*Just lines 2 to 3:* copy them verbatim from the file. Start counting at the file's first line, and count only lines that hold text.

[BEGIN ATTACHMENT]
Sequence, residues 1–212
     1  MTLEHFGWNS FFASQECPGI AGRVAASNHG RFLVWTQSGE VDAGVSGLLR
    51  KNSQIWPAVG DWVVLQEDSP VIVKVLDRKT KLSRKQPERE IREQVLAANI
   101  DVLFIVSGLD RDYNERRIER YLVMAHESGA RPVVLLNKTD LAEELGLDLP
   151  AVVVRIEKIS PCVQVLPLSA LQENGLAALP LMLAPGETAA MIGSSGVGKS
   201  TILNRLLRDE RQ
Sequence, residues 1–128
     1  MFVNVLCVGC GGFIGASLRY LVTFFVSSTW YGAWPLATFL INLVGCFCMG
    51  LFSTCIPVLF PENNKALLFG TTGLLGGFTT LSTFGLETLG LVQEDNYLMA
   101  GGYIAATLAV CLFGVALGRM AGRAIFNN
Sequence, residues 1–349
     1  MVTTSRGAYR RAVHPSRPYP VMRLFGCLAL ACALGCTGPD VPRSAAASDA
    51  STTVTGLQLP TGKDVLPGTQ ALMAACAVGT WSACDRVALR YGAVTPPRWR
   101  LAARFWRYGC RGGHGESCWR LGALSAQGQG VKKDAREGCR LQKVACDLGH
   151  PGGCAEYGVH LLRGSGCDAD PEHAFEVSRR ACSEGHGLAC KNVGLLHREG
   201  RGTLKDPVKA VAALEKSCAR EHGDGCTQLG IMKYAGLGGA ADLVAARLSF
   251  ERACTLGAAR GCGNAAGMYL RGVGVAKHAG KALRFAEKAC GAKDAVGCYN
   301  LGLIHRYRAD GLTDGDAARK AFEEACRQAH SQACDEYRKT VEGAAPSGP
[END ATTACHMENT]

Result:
     1  MTLEHFGWNS FFASQECPGI AGRVAASNHG RFLVWTQSGE VDAGVSGLLR
    51  KNSQIWPAVG DWVVLQEDSP VIVKVLDRKT KLSRKQPERE IREQVLAANI